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You probably didn't know what to say when your friend told you the news. I'm sorry? Don't worry, you'll be fine? How can I help?
No matter what you say, it can sound hollow and meaningless when you're looking your friend in the eye. Meanwhile, you're going through your own feelings of shock, fear, and anxiety, yet you want to be there for this person who means so much to you.
It should be easy to help, but most times, it's anything but easy.
I remember when I was diagnosed with Hodgkin's disease at 16 years old, most of my friends had no idea what to do or say. Looking back, I can understand how they felt. How were they to know what I would think was helpful, and what I would feel was intrusive or out of place?
Unfortunately, what often ends up happening is that friends feel uncomfortable and unsure how to handle the situation, so they just don't. They disappear from your life for awhile. And that's the worst outcome, right?
If at all possible, don't abandon your friend. Of course, you have to take care of yourself, and you have to know your limits. Your past experiences may make some parts of the process harder than others. That's okay. There are many, many ways to help a friend with cancer.
Here are just a few. Pick the ones that work for you, and trust me, your friend will be grateful! Better yet, you'll feel good knowing that you're doing something, which always feels better than doing nothing simply because you don't know what to do.
10 Ways to Help a Friend Who Has Cancer:
Think about your friendship, and let that guide you. If this is the type of friend that is regularly at your house and vice-versa, you'll have more leeway than if this is a work colleague or a friend of the family. Follow your intuition to decide what's best.
Regardless of the type of cancer or the type of friend, food is always a good idea. Your friend and his family will need to eat, and preparing meals will probably be the last thing on his list. You may also just do some basic grocery shopping to help stock the cupboards for when your friend doesn't feel like doing it himself.
One of the biggest things that can trip you up is not knowing what to say. That's all right. Tell your friend you don't know what to say, but offer to listen. Resist the urge to be overly positive and act like everything's fine.
What your friend really needs is someone to empathize with how she's feeling in the moment. Concentrate on being reflective, with statements like, "It sounds like you're feeling scared. I can see why you'd feel like that." If you can hear both the good and the bad, you'll be a cherished friend.
3. Stay consistent
If you normally take your pal out to lunch, continue to invite her. Offer to bring lunch to her house if she's not up to going out. If you typically watch the game together, don't stop. Continue to invite your buddy over, or offer to host the game at his den. Your friend will appreciate knowing that you still value their company, sick or not.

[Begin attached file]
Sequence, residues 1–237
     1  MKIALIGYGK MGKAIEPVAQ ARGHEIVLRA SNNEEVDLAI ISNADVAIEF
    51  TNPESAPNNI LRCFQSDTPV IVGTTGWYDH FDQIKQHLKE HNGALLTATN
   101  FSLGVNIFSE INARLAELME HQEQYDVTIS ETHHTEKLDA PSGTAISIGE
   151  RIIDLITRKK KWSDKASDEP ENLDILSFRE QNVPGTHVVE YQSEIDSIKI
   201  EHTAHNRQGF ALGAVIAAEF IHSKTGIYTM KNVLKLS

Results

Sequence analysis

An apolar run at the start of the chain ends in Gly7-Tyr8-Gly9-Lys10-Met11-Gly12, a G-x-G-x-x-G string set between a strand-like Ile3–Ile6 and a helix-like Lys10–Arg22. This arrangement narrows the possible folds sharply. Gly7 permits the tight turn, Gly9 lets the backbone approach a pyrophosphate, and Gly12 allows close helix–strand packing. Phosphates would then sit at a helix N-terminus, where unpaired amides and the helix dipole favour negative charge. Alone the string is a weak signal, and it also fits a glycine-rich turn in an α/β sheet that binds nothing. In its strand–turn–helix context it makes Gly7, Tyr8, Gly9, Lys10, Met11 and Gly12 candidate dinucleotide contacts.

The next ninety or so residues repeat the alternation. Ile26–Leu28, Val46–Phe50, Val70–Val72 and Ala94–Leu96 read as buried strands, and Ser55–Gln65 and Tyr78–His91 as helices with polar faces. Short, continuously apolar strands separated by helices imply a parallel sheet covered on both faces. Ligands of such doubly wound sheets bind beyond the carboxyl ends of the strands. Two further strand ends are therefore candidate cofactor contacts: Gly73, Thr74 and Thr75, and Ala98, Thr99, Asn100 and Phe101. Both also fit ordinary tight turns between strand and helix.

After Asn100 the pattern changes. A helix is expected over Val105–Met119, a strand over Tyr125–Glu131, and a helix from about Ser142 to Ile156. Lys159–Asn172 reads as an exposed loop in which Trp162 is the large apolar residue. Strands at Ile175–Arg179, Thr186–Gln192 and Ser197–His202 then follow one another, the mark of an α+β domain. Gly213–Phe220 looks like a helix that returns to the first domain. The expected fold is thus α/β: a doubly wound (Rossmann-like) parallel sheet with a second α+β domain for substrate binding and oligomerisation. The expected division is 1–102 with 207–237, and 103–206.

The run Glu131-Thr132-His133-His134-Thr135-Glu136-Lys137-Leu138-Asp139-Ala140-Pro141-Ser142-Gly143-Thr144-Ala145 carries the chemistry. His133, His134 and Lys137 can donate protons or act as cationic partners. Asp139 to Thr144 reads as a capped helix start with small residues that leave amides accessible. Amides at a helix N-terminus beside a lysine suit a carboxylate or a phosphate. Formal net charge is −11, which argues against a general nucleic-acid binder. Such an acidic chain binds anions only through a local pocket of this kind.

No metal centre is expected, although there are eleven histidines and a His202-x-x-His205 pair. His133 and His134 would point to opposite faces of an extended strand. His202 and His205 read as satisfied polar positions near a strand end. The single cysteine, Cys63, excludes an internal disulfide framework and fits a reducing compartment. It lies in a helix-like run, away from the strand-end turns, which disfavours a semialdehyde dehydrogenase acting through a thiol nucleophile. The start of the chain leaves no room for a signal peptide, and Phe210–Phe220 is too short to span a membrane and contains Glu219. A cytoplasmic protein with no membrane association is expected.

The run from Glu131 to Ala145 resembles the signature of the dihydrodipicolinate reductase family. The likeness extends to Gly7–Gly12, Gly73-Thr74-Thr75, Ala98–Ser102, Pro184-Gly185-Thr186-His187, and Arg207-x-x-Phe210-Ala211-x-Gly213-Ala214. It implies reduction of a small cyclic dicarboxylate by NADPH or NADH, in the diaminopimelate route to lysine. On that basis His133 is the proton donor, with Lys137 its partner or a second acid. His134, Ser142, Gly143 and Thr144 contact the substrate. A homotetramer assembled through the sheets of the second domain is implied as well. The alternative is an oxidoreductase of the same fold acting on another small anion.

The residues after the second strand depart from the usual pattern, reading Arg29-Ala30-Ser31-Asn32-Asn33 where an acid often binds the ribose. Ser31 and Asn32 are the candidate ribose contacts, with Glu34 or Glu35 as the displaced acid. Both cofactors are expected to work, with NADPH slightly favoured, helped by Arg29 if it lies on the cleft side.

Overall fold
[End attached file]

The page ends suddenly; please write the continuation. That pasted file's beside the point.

If your friend has children or pets, offer to watch them when needed. This can be a huge help if your friend has to travel for treatments, or just needs a weekend off.
Providing ongoing updates and thank you notes to family and friends can be a giant task for someone living with cancer. Offer to pick up the slack with regular emails, a specific Facebook page, or even with handwritten notes. This can be a giant help to someone with waning energy.
6. Pitch in
If you're comfortable in your friend's house and she is comfortable with you there, consider pitching in with the laundry, housecleaning, or yard work. If you sense that your friend would prefer to be asked, say something specific, like, "You know, I'd love to do a load of laundry for you. What do you have that I could throw in the washer?" This will usually work better than, "What can I do to help?"
7. Provide distraction
Sometimes what your friend needs is to get his mind off the cancer. Consider taking him to a movie, bringing over some board games, going to the park, or doing something else you know he'll enjoy.
Cancer treatments often involve medications that make it dangerous for your friend to drive. Chemotherapy can also mean long hours in the hospital alone. A friend that can take the keys and provide some needed company can be a godsend.
It's no secret that for many people, cancer can wipe them out, financially. It all depends on the type of cancer and the cost of treatment, as well as the insurance company, but I've known many survivors who lost their jobs and their houses.
If you're able and want to, find ways to pitch in financially. That may mean organizing a fund-raising website or event in your community, or simply providing your friend with a gift card to the grocery store, gas station, or to the place where they buy their prescriptions.
10. Don't give up.
Your friend is going to have good and bad days. During the bad days, she may snap at you or say something that seems unkind or thoughtless. Don't give up. Try again with something new, like lunch or a book by her favorite author, and let it go.
Remember that sometimes the cancer can mess with people's spirits, but every kind deed comes back to you ten-fold.